Another fun-filled, busy week is coming to an end here in London and I find that I still haven’t found time to share our Lisbon trip experience. Being a world traveler is time consuming, y’all! However, before I (eventually) get my thoughts together and sum up our Tour de Portugal, I absolutely have to share the food journey we went on today at London’s oldest food market, Borough Market. Borough Market has served the people of London in some form or fashion for the last 1000 years. That’s pretty impressive, right? I mean, when’s the last time you did anything for 1000 years?
Borough Market is known around the world and has made appearances in many movies, music videos, magazines, and, of course, culinary publications. Upon first arriving at the market, the sights, smells, and seemingly endless number of stalls is mesmerizing and overwhelming to the senses all at the same time. Fishmongers, butchers, fromagers, and farmers stand ready at their stalls to give a tour, hand out a sample, and tell you all about the time and care required to create the delicious morsel you just consumed. There are too many stalls to count and contain everything from fresh seafood, cheeses, black truffles, and salamis, to delicate French pastries, fudge, and Turkish baklava. A rainbow of colors can be seen within produce stands and vendors meticulously arrange their wares in a way that is so appealing to the eye one cannot help but be lured in to buy something without regret.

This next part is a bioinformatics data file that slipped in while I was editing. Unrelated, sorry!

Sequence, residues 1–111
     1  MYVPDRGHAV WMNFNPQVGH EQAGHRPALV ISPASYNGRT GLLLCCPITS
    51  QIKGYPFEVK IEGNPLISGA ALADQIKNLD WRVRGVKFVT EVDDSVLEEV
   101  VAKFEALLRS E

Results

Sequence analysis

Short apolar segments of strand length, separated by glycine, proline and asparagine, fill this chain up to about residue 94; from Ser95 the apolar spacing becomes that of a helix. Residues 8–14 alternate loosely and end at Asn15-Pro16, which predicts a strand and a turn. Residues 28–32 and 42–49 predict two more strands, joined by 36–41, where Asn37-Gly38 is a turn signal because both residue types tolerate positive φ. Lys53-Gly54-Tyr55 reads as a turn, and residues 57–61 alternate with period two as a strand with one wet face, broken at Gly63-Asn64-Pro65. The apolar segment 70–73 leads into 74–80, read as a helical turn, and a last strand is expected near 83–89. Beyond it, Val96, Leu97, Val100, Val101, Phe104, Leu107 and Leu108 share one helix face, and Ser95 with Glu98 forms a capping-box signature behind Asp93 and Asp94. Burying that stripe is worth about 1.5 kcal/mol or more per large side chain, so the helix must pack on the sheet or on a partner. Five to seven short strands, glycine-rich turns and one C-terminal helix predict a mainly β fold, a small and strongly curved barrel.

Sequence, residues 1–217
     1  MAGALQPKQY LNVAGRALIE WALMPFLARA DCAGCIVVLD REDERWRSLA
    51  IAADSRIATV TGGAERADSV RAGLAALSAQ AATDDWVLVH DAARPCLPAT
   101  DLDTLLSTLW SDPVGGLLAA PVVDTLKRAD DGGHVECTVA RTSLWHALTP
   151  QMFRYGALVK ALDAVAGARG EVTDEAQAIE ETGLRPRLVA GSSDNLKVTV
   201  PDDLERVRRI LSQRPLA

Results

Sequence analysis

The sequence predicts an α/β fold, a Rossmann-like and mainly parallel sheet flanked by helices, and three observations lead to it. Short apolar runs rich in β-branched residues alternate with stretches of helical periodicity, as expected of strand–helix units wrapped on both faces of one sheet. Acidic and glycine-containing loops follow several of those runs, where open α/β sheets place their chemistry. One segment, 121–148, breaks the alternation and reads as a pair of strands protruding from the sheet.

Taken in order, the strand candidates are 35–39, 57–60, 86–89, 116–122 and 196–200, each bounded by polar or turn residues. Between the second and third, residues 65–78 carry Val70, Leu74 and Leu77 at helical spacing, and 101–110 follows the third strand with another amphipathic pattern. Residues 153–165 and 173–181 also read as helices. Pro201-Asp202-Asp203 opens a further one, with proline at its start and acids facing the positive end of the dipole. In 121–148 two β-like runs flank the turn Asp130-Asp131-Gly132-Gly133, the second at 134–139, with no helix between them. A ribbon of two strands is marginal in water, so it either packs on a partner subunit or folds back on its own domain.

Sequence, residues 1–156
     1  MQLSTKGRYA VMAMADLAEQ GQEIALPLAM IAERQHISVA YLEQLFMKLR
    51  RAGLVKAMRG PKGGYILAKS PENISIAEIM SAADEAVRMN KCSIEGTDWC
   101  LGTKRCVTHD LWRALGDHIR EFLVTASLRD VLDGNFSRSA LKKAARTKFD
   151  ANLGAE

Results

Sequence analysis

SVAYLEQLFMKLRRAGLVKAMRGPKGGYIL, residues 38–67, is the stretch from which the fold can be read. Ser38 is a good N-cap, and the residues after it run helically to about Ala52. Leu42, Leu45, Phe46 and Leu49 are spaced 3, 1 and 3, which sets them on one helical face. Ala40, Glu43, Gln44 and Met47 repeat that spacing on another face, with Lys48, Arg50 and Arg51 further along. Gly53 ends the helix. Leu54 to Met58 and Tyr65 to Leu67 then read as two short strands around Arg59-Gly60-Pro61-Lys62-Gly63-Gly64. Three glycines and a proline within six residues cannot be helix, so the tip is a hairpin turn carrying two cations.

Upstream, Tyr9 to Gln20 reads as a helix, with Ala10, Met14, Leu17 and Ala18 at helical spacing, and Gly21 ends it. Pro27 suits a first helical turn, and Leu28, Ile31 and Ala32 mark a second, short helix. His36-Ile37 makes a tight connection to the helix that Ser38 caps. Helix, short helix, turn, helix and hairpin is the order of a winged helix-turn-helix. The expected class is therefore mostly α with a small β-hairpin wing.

Borough Market is basically a foodie’s paradise. And today, we took full advantage of the wonderland that was before us. I feel that a disclaimer is warranted at this point. Shortly you will hear about a massive amount of food that was consumed over the span of a few hours. Do not judge. Rather, be thankful for the sacrifices made by foodie travel bloggers like myself so that readers like you can virtually experience a wide array of foodie delights instead of just one or two measly little items. Luckily, I was joined by travel mates (including my son who is a total food adventurer) to help work our way through Borough Market one culinary explosion at a time.